• Using protected species observers: Protected species observers (PSOs) are trained third-party professionals who are hired by developers as part of monitoring teams on vessels. Their job is to identify any marine mammals or turtles within range and work to prevent harm to them. They minimize the possibility of a vessel coming into direct contact with the animals and stop any noise disturbances until they have left. PSOs have shown proven results, prompting the National Oceanic and Atmospheric Administration (NOAA) and the Bureau of Ocean Energy Management (BOEM) to require them for a range of ocean activity, including all offshore wind surveying and development. 
  • Incorporating passive acoustic monitoring underwater: Passive acoustic monitoring is a new technology that uses underwater microphones to detect sounds made by marine mammals, fish and other sources. These data collectors come in many forms, including seafloor-mounted devices, floating buoys streaming data in real-time, remotely operated vehicles and devices on ships. This monitoring can help detect underwater animals so that vessels can slow down or stop surveying or construction work. Whales don’t always make noise, so sound monitoring must be combined with visual observers and other technologies. Offshore wind developers are investing in these technologies and using data from this monitoring to predict when and where these mammals can be found.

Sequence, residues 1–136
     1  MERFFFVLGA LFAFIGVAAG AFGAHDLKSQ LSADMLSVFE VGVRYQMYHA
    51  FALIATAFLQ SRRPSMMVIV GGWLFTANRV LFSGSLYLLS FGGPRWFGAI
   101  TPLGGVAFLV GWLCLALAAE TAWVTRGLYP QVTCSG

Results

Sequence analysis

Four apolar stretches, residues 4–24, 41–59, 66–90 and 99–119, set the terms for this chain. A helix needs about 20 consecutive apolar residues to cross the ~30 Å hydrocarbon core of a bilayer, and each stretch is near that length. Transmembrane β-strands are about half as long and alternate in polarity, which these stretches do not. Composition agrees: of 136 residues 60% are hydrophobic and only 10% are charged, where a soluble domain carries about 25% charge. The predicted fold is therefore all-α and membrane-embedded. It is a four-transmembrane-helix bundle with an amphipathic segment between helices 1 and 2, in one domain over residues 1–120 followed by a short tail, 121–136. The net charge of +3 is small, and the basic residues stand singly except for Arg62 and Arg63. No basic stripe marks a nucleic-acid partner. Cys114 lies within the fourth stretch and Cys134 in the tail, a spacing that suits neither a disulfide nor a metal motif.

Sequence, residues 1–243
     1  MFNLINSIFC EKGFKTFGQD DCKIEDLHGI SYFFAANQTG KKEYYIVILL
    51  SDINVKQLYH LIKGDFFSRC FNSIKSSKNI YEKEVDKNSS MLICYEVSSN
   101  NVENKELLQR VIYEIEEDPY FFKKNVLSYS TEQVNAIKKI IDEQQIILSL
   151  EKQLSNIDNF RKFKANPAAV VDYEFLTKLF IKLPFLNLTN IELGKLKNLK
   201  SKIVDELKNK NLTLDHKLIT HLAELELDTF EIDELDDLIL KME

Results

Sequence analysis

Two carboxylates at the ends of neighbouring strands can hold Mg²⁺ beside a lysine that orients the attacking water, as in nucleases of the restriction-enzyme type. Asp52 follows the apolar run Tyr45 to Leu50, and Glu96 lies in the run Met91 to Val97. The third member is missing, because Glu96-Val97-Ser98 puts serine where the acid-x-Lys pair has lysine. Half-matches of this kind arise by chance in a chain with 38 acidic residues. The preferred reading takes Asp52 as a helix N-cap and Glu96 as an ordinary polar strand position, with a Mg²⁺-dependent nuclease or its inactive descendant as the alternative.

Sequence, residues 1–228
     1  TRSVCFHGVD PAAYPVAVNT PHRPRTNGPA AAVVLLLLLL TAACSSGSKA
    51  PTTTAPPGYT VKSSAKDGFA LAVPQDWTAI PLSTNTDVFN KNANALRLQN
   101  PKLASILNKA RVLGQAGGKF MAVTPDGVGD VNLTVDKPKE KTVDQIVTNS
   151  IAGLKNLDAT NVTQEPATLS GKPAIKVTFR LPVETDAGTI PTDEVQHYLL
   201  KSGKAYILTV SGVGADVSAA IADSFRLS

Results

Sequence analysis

• Adding infrared cameras at the surface: Infrared cameras, or thermal imaging, are an evolving technology that can detect surfacing whales. They detect the temperature difference between the cold water and the warmth of a whale’s body and the air they exhale.. These cameras are focused on the water’s surface and work in tandem with human observers. This technology is being tested by offshore wind developers along the East Coast. If they perform better than human observer standards, they may open up new opportunities to monitor whales around sites. 
  • Reducing speeds to 10 knots: Vessel strikes are among the leading causes of deaths for whales like the North Atlantic right whale. One of the most effective, proven and simple strategies for preventing these deaths is a 10-knot vessel speed restriction. Lower vessel speeds particularly for large ships, like cargo ships, can significantly reduce fatal collisions with whales. Federal restrictions on large vessel speeds in nearshore areas are already in place.

We must continue to test and prove these, and other measures and technologies, are effective at protecting marine life in our shared seas. This will help enable them to become standard practice for all ocean activity, whether shipping or offshore wind development. Ocean Conservancy is working to ensure offshore wind is developed responsibly and implements these solutions to protect our ocean’s vital ecosystems and wildlife. With collaboration and a new era of innovation, we can continue to uphold the promise of the Endangered Species Act for the next 50 years.